Painlessly Simple Ways to Save More Money

If you are already making your coffee at home and squeezing a couple more years out of your cell phone then hopefully you will appreciate some of the other, often overlooked ways to save money.

1. BYOB. Yes, bring your own (water) bottle. I have a couple of BPA free water bottles that I’ve had for over 5 years. I fill them from my own faucet every day and never have to buy a bottle of water when I’m out and about. I even carried a Brita filter bottle around Disney World and filled it at water fountains because that made the Florida water taste better and I wasn’t shelling out $2.50 every time someone got thirsty. I once found myself at JCPenney wearing one dark brown boot and one black boot, but I did bring my water bottle. It’s all about priorities.
2. Do less laundry. Laundry is one of those never ending chores, but I cut at least a load or more per week by wearing my jeans another day and hanging up my bath towel and reusing it for the week. I am not wearing anything that is visibly dirty or smells bad, I’m just getting an extra use out of it before washing. That also saves your clothing from wearing out too quickly. The electricity and detergent I save adds up over time. I hang my clothes out on the line to dry from May to October. If you don’t like the “crunchiness” of line dried clothes, you can toss them into the dryer for about 5 minutes to fluff them up or just convince your family that the hard towels are an exfoliation treatment.
3. Get rid of paper products. I do draw the line at toilet paper because as hardcore as I’ve been accused of being, even I won’t go there. I have not purchased paper towels, plates, cups, wipes, or an other disposable items in over a decade. I use old wash cloths for spills and cleaning. I have cloth napkins that my mother sewed for me several years ago that I have used repeatedly. I would rather wash them and reuse them than buy something that will just add to the trash. And before you refer me back to #2, the amount of space taken up by wash cloths and napkins is very small compared to jeans and large bath towels.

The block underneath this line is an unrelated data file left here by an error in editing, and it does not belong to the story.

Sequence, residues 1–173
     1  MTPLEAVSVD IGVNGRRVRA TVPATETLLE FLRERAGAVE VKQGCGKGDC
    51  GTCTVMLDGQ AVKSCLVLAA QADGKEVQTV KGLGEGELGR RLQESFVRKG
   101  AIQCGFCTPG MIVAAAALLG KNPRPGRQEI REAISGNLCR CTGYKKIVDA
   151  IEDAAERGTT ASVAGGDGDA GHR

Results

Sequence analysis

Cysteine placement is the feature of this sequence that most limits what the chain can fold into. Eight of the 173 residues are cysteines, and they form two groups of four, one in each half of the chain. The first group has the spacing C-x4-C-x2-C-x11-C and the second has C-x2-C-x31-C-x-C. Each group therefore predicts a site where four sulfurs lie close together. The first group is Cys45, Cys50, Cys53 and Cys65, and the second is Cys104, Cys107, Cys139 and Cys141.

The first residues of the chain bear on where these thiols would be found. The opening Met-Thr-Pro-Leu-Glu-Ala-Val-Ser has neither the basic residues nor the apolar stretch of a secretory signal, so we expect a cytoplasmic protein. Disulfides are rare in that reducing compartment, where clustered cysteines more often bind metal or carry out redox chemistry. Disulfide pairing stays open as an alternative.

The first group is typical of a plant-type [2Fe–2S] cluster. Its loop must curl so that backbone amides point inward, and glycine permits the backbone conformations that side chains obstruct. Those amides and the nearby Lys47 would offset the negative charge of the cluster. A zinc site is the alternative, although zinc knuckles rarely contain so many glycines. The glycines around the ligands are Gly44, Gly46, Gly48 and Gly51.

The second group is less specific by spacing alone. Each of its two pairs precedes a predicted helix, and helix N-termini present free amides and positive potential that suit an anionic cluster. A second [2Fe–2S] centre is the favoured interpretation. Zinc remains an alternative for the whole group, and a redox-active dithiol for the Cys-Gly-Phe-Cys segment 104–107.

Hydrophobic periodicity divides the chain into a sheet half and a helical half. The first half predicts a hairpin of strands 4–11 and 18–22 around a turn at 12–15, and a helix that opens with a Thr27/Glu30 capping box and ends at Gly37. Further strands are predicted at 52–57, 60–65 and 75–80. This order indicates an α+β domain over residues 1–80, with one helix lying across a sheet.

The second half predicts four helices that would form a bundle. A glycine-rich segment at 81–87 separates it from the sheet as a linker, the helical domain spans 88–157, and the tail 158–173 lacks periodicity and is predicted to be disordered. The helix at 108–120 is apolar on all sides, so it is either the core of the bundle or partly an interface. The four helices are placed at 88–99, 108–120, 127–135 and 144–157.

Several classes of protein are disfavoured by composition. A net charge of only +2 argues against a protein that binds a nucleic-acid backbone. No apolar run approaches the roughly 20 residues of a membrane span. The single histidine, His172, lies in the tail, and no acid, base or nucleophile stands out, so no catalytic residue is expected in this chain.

4. Highlight your own hair. 2-3 times a year, I pull my hair through a cap (my husband does the back for me) and I mix up the bleach and developer. I buy the caps, bleach, and developer all at Sally Beauty for approximately $35 and it averages out to $5 per application. It’s not difficult, but please follow the directions and have someone help you.
5. Get out of your comfort zone. I know many people who want their thermostat set at 72 degrees all winter so they can be comfortable in a t-shirt. I would rather wear a sweatshirt (or my bathrobe over my clothes) and keep mine on 66 degrees to save several gallons of oil. We have a programmable thermostat that is set on 58 while we are gone or asleep. No one has froze at those temperatures, ever. Ironically enough, those are the same people who crank the AC down to 66 in the summer.
6. Stop buying mass amounts of cleaners. I only buy vinegar, a large box of baking soda, Ammonia, and Dawn dishwashing soap. Those will cover your entire house. From windows and shower doors to BBQ grates and toilets. A couple tablespoons of baking soda and a splash of vinegar in the toilet creates a scientific reaction (think volcano at the science fair) and it works really well. Ammonia is only used for the greasiest of jobs and is effective, but tough. The rest do a great job while still being gentle. If you hate the Vinegar smell, you can add a few drops of essential oil or lemon juice, but if you wait a while it will go away on it’s own. It’s so much better than breathing in all of the chemicals.